33 Discussion of policy applications scaling-up exercise. As was briefly discussed in Chapter 3 of this report, there is some ambiguity in the classification of ecosystem services in general and in ecosystem valuation studies in particular. If one wants, for example, to appraise the benefit of a policy halting the loss of wetlands in Europe, one should be sure about the definition of wetlands, and about the exact services that are provided by wetlands. It is commonplace to talk about the 'biodiversity' value of ecosystems but what is it exactly? Is it a non-use value, an option value, is it (also) an element of recreational use values? How do we measure its change? These are difficult questions but they should somehow be addressed. Good starting points for locating primary valuation studies are databases such as the Environmental Valuation Reference Inventory (EVRI) (www. evri.ca), the Nature Valuation and Financing (NV&F) database (www.eyes4earth.org/casebase), and ENVALUE (www.environment.nsw.gov. au/envalue/). Such databases have often been established to support researchers and policy advisers in value transfer or scaling-up exercises. Other sources are academic journals (e.g. Ecological Economics, Environmental and Resource Economics, Journal of Environmental Economics and Management, Land Economics) and experts. In addition, TEEB is developing a database containing values of ecosystems services as a data source for benefit transfer operations. After collecting valuation studies of interest, it is good to review the studies in terms of scientific soundness, relevance and richness in detail (for specific guidelines on quality assurance: see Desvousges et al., 1998; Söderqvist and Soutukorva, 2009). At this stage, a 'gap' analysis is a useful tool to identify the main gaps in the primary valuation literature in terms of services and regions. Based on this gap analysis, the analyst can adjust her search for primary valuation studies in the direction of the gaps, or decide to carry out (or ask funding for carrying out) additional primary valuation studies. In the end, when the availability of primary data is too small for a scaling up exercise based on criteria to be developed any value transfer method may lead to unacceptable transfer errors, and hence scaling up is not the way to go. Primary research will then be necessary for a reliable outcome. Unique wetlands with services that exceed instrumental values should, of course, receive a separate treatment in a policy decision process (if not already singled out on the basis of biodiversity and ecosystems protection policies). 7.4 Transfer methods and units of transfer Chapter 4 of this report provides a description, discussion and appraisal of the four value transfer methods. Unit value transfer Adjusted unit value transfer Value function transfer Meta-analytic value function transfer. Further analysis of these methods is available in the specialised literature (e.g. Navrud and Ready, 2007). Having reviewed tests of these four methods, it was concluded that there is no clear evidence in current research that any the value transfer methods is inherently superior. There is only some agreement in the literature that the value function transfer method (based on a single study) does not function very much better than the simpler (adjusted) unit value transfer method. In a scaling-up exercise different transfer methods might be used for different services, provided that the services are sufficiently independent. The values of local services (recreation, amenity, water quality) could then be transferred by geo-specific transfer methods such as the meta-analytic value function transfer method described in this report, while global service values (e.g. carbon sequestration, 'global' non-use values of very unique ecosystems) could be added to the total economic value by simple unit value transfers. In a scaling-up exercise, it might also be possible to make a distinction between 'exceptional' or 'hotspot' ecosystems and ecosystems with local significance. The values of these 'hotspot' ecosystems (e.g. Wadden Sea, Norfolk Broads) are often well studied, and their 'best' primary estimates could be preserved in the scaling-up exercise, while applying value transfer methods to the other, more commonplace ecosystems. The unit of transfer in a scaling-up exercise is an important choice variable. As a rule, the unit of transfer should be as close as possible to the original value unit in the primary valuation study. Hence if the recreational value of an ecosystem is measured in terms of willingness to pay per visit, a transfer of this value is preferred. If it is not possible to use the original unit (because different primary studies 32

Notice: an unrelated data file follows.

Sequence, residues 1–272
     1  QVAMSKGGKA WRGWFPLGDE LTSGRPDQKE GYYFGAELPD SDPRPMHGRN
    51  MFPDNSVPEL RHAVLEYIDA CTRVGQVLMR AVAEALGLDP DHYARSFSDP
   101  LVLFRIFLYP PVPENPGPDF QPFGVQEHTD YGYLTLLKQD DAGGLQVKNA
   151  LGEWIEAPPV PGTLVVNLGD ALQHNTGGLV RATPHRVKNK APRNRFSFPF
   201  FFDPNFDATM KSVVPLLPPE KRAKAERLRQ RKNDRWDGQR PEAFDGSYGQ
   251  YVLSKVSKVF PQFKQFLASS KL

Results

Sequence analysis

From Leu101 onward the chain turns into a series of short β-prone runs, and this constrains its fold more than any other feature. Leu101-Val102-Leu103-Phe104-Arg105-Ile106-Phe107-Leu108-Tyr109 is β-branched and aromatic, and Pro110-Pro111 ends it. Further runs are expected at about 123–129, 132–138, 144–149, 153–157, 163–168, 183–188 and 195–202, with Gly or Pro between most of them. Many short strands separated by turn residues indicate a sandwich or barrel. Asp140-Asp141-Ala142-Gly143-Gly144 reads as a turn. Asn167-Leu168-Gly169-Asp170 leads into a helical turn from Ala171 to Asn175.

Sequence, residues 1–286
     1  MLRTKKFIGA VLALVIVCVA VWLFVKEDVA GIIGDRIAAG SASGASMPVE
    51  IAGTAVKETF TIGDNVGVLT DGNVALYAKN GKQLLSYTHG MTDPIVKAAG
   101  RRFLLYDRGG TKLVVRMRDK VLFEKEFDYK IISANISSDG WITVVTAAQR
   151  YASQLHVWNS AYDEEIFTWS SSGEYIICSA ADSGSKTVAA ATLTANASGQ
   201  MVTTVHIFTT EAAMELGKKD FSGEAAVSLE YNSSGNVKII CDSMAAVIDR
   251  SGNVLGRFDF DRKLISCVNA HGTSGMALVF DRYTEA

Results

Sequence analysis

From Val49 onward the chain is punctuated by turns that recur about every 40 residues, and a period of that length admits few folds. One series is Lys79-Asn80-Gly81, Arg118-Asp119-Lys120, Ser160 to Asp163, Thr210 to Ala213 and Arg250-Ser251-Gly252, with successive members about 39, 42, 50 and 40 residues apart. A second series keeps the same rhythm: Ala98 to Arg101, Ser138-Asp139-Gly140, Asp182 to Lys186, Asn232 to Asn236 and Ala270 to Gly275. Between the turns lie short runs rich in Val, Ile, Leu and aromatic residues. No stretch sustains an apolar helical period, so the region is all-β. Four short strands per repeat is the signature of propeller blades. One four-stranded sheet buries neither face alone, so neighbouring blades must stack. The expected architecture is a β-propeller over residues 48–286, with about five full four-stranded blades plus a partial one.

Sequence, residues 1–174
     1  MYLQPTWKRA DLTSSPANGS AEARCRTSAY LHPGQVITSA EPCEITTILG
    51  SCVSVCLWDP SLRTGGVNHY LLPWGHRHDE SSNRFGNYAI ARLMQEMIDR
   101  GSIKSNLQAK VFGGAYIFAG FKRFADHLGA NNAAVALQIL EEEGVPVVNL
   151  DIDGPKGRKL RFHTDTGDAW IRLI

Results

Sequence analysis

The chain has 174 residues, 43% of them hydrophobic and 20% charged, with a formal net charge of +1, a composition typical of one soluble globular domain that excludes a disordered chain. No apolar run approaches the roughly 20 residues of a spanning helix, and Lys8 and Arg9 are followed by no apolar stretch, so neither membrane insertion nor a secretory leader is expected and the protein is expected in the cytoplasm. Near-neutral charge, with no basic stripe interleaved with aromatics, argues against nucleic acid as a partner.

34 Discussion of policy applications used different units, or because reliable quantity information (number of visits) is not available at the policy sites), some transformation of the original values is necessary in the standardisation process. Such transformations, if applied uncritically, can be a potentially large source of transfer error and should therefore always be critically checked if possible. This issue is addressed further in Section 7.7 below. 7.5 Spatial data and other data at the target geographical scale There is a close connection between the choice of a value transfer method and the data needs at the target geographical scale. With the simplest value transfer method, data are needed on the value unit in the policy area: e.g. number of recreational visits to a particular ecosystem. If meta-analytic value function transfer is used, the data requirements may be substantial (depending on the number of explanatory site, service, and context-specific explanatory variables in the meta-analytic regression). In actual scaling-up exercises, the choice of transfer method and the level of detail will be a compromise between what is desirable and what is possible. Geographic Information System (GIS) tools are well-suited to present the economic ecosystem service values collected in relation to ecosystem characteristics, population and other socio-economic data. Local differences in the abundance or scarcity of ecosystem services and other spatial issues such as distance-decay effects can be illustrated and further evaluated. The combination of economic and spatial analysis facilitates the appraisal of (expected) changes in land cover and land use and thus in the provision of ecosystem services at the (scaled up) policy sites. Moreover, GIS-based models can serve as a tool to facilitate the actual scaling up exercise. They may assist both researchers and decision makers to estimate the similarity of (a) specific policy site(s) to the characteristics of the original study site(s). Another advantage of most GIS tools is that they can perform spatial analysis at local, regional and global levels. 7.6 Aggregation and scaling up Scaling up provides the possibility to combine (several sets of) primary data and one or more value transfer methods to assess the economic value of changes in ecosystems services at a larger spatial scale. The magnitude of the change under study affects the direct applicability of values taken from primary research. Primary valuation studies have usually assessed the values of ecosystem services in isolation, that is, they have assessed the value of particular services under the assumption that all else would remain equal. At the margin, a small change in ecosystem service provision (e.g. the loss of a small area) will not affect the value of services from other ecosystem sites. Non-marginal changes in ecosystem service provision, however, will affect the value of services from the remaining stock of ecosystems. As the ecosystem service becomes scarcer, its marginal and average values will tend to increase. It is important in a scaling-up exercise to take account, to the extent possible, of cross-substitution effects between ecosystem services and diminishing returns to scale. The present report does not offer general guidance on how to do this in all situations. However, the case study on scaling up wetland service values presents an approach, based on a meta-analytic value function with coefficients for wetland size, wetland scarcity, per capita income and population density. 7.7 Transfer errors and uncertainty Value transfer and scaling up can generate substantial transfer errors. These errors may be limited by carefully addressing potential measurement and generalisation errors and publication biases, but they can never be totally avoided. At a more fundamental level it can be argued that both the primary and the transferred values are estimates subject to sampling error, so there is no 'certain' benchmark from which to measure transfer error (Brander and Florax, 2007). Nevertheless, based on the sample of available primary studies the analyst is advised to carry out and report on 'within sample' and 'out of sample' tests (e.g. Lindhjem and Navrud, 2008) to get a rough idea of the accuracy of the results. It is also advisable to cross-check the scaling-up results with other transfer methods and to check (perhaps informally) whether value unit transformations (e.g. from willingness to pay per household to willingness to pay per hectare) are acceptable in the current context. Whether the accuracy of the final scaled up values is acceptable depends on the purpose and nature of the policy problem as discussed above. 33